Hot Chocolate & Genealogy
Hot Chocolate & Genealogy

Interview Family over the Holidays!

There's no better time than the holidays to get family together! And that's the perfect time to interview family.

Oral history is the most precious legacy we have, and yet it is largely ignored. These days technology and know-how abound so it is time to record family stories, traditions and life experiences.

You don't have to be a professional reporter or journalist to conduct interviews. Here are some interview tips to make it a pleasant experience for all.

Before the Interview

  • Prepare a questionnaire for your relative(s) to fill out so you understand what is important to them and what they are willing to discuss.
  • Create a series of questions and give it to your subject ahead of time to review. Remind them that they don't have to answer each question specifically; it is just to give them an idea of subject matter so they may have any photos, stories or dates ready.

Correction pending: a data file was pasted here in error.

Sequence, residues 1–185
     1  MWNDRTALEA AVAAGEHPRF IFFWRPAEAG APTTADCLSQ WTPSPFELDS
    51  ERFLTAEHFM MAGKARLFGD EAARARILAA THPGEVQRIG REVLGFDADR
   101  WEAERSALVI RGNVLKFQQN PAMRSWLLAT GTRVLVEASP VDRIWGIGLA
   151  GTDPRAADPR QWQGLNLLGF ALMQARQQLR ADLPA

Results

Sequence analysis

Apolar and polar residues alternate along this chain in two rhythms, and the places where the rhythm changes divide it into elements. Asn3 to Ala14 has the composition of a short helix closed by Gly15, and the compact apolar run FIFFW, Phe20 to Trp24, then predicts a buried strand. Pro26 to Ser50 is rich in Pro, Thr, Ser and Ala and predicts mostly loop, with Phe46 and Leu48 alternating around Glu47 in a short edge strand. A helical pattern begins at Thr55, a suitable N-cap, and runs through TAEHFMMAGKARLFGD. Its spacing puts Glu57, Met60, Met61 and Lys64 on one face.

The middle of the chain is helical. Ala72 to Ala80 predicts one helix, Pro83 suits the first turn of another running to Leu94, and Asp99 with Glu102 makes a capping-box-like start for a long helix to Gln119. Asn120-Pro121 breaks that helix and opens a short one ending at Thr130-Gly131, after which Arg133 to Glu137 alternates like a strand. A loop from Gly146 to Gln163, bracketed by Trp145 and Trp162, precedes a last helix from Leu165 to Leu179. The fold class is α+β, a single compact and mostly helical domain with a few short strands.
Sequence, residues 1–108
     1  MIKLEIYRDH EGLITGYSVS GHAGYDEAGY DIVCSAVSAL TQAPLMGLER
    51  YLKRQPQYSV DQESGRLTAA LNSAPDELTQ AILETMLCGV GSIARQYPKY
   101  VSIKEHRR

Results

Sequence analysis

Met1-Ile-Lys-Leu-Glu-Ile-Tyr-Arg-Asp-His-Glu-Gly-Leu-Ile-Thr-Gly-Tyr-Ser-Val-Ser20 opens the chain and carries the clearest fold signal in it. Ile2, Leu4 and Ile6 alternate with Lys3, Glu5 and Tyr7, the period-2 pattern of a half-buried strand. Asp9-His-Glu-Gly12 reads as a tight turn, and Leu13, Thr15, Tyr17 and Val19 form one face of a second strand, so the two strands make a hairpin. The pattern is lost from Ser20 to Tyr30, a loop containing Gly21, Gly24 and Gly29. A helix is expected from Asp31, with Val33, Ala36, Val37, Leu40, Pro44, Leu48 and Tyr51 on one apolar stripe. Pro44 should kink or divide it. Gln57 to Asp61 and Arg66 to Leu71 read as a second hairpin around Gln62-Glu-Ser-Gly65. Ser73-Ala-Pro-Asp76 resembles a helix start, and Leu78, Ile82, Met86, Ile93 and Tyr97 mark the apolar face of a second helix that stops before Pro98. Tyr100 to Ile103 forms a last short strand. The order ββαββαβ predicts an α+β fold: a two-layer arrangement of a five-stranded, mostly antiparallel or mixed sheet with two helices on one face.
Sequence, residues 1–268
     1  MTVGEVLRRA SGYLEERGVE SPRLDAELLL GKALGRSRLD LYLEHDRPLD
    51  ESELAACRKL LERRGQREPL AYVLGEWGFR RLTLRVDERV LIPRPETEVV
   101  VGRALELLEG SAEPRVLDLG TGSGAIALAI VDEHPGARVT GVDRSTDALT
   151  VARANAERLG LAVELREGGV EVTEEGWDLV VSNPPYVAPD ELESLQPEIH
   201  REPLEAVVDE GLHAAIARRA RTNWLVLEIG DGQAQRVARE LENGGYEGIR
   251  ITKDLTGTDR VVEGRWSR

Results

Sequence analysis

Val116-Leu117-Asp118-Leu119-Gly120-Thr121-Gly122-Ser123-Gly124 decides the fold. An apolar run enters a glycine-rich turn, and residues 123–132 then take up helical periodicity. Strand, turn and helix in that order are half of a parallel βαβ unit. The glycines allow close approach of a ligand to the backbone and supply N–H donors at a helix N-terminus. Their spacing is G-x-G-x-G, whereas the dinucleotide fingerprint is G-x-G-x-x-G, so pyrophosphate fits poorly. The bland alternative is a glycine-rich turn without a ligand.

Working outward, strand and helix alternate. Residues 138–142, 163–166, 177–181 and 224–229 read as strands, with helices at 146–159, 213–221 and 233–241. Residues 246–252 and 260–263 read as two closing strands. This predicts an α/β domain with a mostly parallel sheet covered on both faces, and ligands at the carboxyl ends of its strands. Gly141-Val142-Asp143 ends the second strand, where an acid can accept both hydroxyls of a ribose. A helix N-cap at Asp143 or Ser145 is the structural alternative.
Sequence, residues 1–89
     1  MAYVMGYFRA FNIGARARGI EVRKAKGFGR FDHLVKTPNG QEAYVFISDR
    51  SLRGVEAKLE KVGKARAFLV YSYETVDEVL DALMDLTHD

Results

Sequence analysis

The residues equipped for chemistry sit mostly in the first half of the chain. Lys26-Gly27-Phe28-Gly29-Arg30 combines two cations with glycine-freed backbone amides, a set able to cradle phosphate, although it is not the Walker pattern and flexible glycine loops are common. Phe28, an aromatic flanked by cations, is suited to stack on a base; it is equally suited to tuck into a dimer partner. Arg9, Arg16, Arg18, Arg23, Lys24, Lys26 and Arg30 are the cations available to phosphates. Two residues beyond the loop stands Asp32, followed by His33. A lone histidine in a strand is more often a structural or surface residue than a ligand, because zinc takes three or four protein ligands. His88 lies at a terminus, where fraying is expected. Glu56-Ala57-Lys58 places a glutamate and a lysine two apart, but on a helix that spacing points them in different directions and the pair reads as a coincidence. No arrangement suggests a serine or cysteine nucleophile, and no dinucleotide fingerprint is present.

• Book a time in advance. For example, tell great-Aunt Bertha that you would like to talk with her for an hour or so before the rest of the family arrives.
  • Seek permission to tape the interview and come prepared with the appropriate equipment.

During the Interview

  • Set up any equipment, pour each of you a glass of water and be ready to start on time.
  • Ask one question at a time and allow your subject to answer. Begin questions with Who, What, Where, When or Why and keep them quite short and general in scope. Silence is golden so don't worry about long pauses on a tape.
  • Listen. Listen with your eyes, ears, hands and heart. Listen for facts and feelings.
  • Establish correct spelling of names and locations and if possible, try to pinpoint dates or timeframes.
  • Let your subject speak! Don't finish sentences, don't interrupt, and avoid correcting them during the initial interview.
  • Accentuate the anecdotes. Get descriptions of people and places and let them develop into stories of their own.
  • When you are nearing conclusion, let the subject know and invite them to add any last comments. Always finish on a positive note.

Following the holidays, send a thank you note with a transcript of the conversation. Let the person know where you plan to take the project from here.


This article appeared in the November 1997 issue of Hot Chocolate.

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